Le retour de la haute intensité en Ukraine : quels enseignements pour les forces terrestres ? Focus stratégique, No. 111, July 2022
After twenty years of counter-terrorism, the Ukrainian battlefield marks the renewal of so-called “high-intensity” warfare. It constitutes a major strategic turning point, reversing the contemporary model of wars involving the West.
This massive invasion of a country by a powerful conventional army is largely played out on the ground. It sheds light on the preparation of ground forces for a major engagement hypothesis. For the Ukrainians, the war corresponds to a high-intensity conflict, both political, because it involves their vital interests, and capability-based, mobilizing all of their military means. For Russia, on the other hand, the high intensity is more about capabilities than politics.
This conflict is taking place in the form of a linear war characterized by a reemergence of the front, a phenomenon that has become rare, although it has already resurfaced in Syria and Iraq. As in these theaters, the war in Ukraine confirms that cities remain the priority areas, justifying the efforts made by the French Army to train in this environment. Urban warfare requires high material capabilities in terms of fire, manpower and logistics, but also moral strength. In this respect, the Ukrainian conflict reminds us of the role played by the population, mobilized in support of the defense apparatus. The high attrition rate raises the question of human losses and the “tolerance threshold” if France were to be engaged on battlefields with a similar lethality.
High intensity characteristics have an impact on all operational functions.
- The first issue is military intelligence. The dissemination and exploitation of OSINT (Open Source Intelligence) information, the use of video surveillance cameras and civilian mini-drones are all innovations that have been adapted to the military field.
- Mastering the combined arms maneuver is decisive in this engagement, with the heavy segment at its center, which has become the symbol of high intensity. Faced with the return of a significant adversary in the air and the wide spectrum of threats evolving in the low layer (UAVs, helicopters, missiles, rogue munitions, indirect fires), the reduction of the French Army’s ground-to-air defense capabilities represents a vulnerability.
- To succeed in the maneuver, an efficient and agile C2 is essential. The Ukrainian experience shows that the resilience of the C2 of an air-land component depends on an organization designed to delegate execution at the operational and tactical levels as much as possible. Therefore, integrating effects of other environments and fields must be possible until the lowest levels.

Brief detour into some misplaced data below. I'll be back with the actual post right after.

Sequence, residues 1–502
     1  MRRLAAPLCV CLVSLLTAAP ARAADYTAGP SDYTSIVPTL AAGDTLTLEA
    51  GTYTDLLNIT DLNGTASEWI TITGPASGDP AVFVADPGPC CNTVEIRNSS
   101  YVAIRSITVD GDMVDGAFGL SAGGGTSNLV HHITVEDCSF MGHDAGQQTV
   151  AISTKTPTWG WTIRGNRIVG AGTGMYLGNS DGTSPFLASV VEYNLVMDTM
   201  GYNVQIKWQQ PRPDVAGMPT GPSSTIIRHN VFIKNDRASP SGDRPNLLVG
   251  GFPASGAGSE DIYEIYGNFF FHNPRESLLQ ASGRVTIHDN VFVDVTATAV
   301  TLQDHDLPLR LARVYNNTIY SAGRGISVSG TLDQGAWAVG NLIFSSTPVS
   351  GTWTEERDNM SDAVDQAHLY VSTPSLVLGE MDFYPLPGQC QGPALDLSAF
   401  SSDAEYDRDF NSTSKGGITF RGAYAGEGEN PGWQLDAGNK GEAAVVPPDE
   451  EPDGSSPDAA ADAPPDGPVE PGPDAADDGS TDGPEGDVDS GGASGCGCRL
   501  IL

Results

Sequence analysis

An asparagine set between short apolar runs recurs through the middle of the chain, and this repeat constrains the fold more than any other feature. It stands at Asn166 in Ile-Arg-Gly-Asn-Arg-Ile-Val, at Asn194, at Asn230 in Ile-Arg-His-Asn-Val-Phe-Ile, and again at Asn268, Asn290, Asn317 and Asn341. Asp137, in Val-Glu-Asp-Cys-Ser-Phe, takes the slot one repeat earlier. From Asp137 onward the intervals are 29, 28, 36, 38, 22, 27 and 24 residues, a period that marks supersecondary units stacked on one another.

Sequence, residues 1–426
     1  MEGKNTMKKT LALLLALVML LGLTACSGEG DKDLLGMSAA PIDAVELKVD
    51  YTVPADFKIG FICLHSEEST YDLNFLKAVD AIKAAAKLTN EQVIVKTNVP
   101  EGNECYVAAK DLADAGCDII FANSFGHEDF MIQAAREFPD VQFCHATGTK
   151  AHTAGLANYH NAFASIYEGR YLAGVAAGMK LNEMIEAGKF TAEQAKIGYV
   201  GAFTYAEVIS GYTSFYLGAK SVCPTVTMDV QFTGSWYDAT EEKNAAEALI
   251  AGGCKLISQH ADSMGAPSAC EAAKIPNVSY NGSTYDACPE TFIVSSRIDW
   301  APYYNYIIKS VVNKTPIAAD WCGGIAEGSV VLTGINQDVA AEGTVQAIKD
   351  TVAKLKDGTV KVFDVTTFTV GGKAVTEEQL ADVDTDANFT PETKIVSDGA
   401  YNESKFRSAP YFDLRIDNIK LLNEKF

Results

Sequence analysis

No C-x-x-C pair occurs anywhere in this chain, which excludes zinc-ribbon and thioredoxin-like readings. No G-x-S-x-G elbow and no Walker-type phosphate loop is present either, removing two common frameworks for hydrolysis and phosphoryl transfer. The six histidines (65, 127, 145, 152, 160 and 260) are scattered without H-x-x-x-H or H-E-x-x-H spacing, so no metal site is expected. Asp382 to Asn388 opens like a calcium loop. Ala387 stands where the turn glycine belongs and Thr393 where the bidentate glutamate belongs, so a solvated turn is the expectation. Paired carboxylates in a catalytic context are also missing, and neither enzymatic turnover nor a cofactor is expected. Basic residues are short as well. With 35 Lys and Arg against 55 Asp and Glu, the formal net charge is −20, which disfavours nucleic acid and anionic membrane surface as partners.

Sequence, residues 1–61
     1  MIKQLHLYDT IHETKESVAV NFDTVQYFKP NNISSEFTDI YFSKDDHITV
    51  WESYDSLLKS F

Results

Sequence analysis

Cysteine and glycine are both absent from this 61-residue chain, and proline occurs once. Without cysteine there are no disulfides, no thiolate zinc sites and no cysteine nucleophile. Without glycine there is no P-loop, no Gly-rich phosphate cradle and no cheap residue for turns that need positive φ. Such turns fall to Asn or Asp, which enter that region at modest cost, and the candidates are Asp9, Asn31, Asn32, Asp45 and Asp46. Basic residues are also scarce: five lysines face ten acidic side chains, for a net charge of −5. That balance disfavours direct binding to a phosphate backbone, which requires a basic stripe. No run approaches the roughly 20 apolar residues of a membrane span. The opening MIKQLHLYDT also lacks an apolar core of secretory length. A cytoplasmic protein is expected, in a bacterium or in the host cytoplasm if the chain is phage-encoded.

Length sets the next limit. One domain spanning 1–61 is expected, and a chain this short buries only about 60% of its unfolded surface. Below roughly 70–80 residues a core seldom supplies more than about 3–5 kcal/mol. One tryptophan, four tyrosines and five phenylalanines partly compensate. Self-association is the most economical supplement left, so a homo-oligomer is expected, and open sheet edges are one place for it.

- Finally, the Ukrainian example is a timely reminder of the place of immaterial fields in high intensity. Permanent access to a mobile Internet as close as possible to the battlefield and in all its depths has proven to be an essential asset in terms of informational warfare.
The Ukrainian conflict and its repercussions on strategic stability in Europe highlight the role played by ground forces in “winning the war before the war”. It implies a reinvestment in the functions of “deterrence” but also “prevention” through strategic signals such as participation in the reassurance of North Atlantic Treaty Organization (NATO)’s eastern flank. Each military exercise must be thought of as a display of will. For greater credibility, it is necessary to maintain a high level of training of armed forces. Having a unique operational experience among European armies in this field, France must invest fully in the military structures of NATO and the European Union.
This signaling is also embodied in the readiness actions of foreign forces through Partnered Military Operations (PMOs). In certain politically sensitive contexts, special forces can play a unique role in implementing this type of partnership in a discreet manner.
It is essential to guarantee freedom of action through sufficient mass. From this perspective, weapons deliveries to Ukraine raise three questions: the impact of sending in-service equipment such as Caesars on the French order of battle; possible technology transfers linked to the delivery of modern equipment; and the ex-post control and monitoring of these weapons deliveries.
Finally, the triple surprise of the Russian offensive, the Ukrainian resistance and the scale of the international reaction testify the need to appropriate the adversary’s rationality and the difficulty of anticipating his reactions. Acting as a strategist in the face of systemic competitors requires sustained efforts in the field of “knowledge and anticipation”.
This content is available in French: "Le retour de la haute intensité en Ukraine : quels enseignements pour les forces terrestres ?".